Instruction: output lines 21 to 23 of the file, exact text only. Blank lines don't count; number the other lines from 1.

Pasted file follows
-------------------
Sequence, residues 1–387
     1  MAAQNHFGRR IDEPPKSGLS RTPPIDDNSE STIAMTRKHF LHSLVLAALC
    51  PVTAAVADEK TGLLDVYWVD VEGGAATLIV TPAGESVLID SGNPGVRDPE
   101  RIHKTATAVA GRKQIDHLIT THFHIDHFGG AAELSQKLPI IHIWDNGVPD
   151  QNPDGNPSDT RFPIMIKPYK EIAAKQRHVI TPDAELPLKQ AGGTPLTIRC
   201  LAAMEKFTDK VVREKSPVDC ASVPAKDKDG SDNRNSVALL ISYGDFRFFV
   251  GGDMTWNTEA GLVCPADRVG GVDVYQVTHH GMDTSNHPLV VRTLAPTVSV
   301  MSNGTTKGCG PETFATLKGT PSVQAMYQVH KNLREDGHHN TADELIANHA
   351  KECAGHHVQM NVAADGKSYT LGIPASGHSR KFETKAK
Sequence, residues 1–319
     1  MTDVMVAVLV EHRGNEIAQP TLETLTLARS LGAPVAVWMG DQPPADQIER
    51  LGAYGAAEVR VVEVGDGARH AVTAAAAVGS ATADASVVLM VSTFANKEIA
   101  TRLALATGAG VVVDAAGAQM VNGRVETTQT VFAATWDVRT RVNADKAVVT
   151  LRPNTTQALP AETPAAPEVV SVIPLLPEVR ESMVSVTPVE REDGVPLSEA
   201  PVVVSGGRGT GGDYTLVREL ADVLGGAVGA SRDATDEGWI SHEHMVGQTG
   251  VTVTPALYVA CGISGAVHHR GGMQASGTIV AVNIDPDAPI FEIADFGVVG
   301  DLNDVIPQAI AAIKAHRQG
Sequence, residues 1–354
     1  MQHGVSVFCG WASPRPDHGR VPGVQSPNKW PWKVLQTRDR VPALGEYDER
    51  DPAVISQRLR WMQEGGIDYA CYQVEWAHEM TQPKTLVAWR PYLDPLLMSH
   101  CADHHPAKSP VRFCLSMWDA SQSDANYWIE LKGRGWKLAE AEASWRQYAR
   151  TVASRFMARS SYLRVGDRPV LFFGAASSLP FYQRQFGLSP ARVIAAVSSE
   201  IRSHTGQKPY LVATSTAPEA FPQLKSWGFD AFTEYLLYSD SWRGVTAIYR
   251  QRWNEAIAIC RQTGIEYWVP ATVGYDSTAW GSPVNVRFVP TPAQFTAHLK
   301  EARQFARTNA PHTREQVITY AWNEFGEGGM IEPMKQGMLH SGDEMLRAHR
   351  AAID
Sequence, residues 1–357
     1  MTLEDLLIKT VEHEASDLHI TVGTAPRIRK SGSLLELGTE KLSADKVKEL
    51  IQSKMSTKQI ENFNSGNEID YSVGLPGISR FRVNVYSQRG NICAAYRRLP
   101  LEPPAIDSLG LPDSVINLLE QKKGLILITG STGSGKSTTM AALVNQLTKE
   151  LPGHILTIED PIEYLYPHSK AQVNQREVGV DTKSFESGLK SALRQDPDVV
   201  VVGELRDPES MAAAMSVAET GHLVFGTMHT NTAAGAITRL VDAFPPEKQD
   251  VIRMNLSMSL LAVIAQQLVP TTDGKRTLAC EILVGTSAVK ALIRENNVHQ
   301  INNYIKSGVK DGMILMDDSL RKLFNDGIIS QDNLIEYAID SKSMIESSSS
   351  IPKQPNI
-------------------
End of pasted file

   101  CADHHPAKSP VRFCLSMWDA SQSDANYWIE LKGRGWKLAE AEASWRQYAR
   151  TVASRFMARS SYLRVGDRPV LFFGAASSLP FYQRQFGLSP ARVIAAVSSE
   201  IRSHTGQKPY LVATSTAPEA FPQLKSWGFD AFTEYLLYSD SWRGVTAIYR